The Health Insurance Claims Record provides a summary of all your bills and payments for your personal files. It’s an easy way to view the portion of each cost (if any) you are responsible for paying each provider. Keep your record up to date by revising it every time you get new financial information about your medical care (you can print out extra copies as needed). If any information is missing, call your provider, your insurer or Medicare to get it.
Columns 1-3 (Name/Date of Service/Billed Amount)
Fill in the first 3 columns with the information from your provider’s itemized bill. Even if your provider accepts assignment, you should request an itemized bill. You may need it later to file a claim with your Medigap company or retiree plan if Medicare doesn’t automatically forward it, or if your provider doesn’t file a claim with your Medigap company or retiree plan.
Column 4 (Took Assignment)
Indicate whether the provider accepted assignment. If you are not sure, ask your provider.
Columns 5-6 (MSN Statement Date/Statement Number)
Record the Medicare Summary Notice (MSN) statement date found in the upper right corner of the form, as well as the statement number.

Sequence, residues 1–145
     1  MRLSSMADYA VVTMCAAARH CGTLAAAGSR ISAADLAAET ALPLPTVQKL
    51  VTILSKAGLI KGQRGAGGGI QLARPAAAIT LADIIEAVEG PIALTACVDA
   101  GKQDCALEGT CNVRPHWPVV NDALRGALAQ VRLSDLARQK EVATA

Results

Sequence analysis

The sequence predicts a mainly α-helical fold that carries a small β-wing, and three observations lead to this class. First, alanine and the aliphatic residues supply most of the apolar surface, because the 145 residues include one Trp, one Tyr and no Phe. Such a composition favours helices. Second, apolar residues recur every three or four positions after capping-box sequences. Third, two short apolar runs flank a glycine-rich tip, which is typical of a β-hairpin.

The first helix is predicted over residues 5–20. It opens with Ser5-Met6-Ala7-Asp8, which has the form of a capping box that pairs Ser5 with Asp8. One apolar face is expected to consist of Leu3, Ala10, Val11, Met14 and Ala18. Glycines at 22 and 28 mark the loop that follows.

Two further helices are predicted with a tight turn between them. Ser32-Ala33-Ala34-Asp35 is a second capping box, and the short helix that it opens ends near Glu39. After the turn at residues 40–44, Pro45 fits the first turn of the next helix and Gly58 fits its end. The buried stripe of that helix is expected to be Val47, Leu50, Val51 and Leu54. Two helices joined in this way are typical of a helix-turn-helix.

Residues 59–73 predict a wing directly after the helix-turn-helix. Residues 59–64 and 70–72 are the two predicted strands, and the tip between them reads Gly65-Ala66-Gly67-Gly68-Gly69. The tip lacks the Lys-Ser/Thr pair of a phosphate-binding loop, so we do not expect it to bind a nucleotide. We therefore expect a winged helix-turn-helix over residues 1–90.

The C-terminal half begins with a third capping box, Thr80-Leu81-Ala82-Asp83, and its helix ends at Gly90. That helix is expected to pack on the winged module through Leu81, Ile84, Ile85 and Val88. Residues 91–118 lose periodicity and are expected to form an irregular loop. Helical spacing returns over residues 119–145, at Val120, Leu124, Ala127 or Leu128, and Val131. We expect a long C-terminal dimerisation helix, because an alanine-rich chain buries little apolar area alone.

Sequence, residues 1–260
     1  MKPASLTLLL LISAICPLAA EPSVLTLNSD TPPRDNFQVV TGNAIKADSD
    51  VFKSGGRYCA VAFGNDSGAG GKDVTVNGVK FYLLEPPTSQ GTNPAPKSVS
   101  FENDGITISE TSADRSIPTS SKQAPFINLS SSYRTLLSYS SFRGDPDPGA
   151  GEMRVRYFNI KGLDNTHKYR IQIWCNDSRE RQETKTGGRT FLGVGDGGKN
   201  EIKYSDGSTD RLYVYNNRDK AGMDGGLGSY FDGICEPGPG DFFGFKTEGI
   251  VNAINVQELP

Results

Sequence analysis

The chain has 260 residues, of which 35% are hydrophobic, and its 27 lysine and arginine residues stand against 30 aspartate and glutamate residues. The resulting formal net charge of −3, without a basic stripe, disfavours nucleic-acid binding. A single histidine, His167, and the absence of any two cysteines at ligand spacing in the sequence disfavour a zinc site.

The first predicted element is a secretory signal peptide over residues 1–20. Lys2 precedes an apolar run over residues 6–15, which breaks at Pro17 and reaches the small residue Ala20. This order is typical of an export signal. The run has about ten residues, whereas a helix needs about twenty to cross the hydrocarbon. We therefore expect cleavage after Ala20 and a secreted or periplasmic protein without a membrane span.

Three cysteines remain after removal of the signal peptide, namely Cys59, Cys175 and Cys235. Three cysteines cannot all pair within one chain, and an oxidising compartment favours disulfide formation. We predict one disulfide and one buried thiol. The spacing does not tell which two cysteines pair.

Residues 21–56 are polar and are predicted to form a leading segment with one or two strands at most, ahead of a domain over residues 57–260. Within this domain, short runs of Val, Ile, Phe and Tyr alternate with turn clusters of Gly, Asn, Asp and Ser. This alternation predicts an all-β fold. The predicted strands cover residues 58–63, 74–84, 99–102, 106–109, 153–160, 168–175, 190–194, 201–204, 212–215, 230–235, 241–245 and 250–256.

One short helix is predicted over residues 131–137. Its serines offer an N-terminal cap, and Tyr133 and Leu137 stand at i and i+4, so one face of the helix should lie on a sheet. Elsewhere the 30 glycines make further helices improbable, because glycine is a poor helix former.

Columns 7, 8, 9 (Amount Approved/Medicare Paid/Met Deductible)
Complete these columns using information from the MSN. Note: Medicare has an annual deductible that must be met before it pays any Part B claims. For more information on annual cost-sharing amounts, see Medicare Basics.
Column 10 (Coinsurance – 20% of Approved Amount + Excess Charges)
If the provider accepted assignment, you only owe 20%. Enter that amount in this column. If the provider did not accept assignment, enter the difference between the amount Medicare paid and the excess charge.
Column 11 (Date Claim Sent)
Enter the date you submitted the claim. If your Medigap company or retiree plan participates in Medicare’s electronic processing program, leave this column blank.
Column 12 (Amount Paid)
Enter the amount of the check you received or the amount the provider received (if your Medigap company or retiree plan sent the check directly to the provider).
Column 13 (Balance Due)
Enter the amount owed.
Column 14 (Date Paid)
Enter the date you paid the bill.
Column 15 (Check Number)
Enter the number of the check you used to pay the bill.
Column 16 (Out-of-Pocket Amount)
You may owe more than the payment you received from your insurer. If so, enter the difference here. Note: You may qualify for an IRS deduction if your out-of-pocket medical expenses are substantial.
Make all payments by check. Pay your portion of the bills by personal check. This way, your cancelled checks and bank statements will provide proof of your payments, as well as backup records of your medical spending. If you receive a check from Medicare, deposit it into your account and write your own check, instead of signing over the Medicare payment to your provider.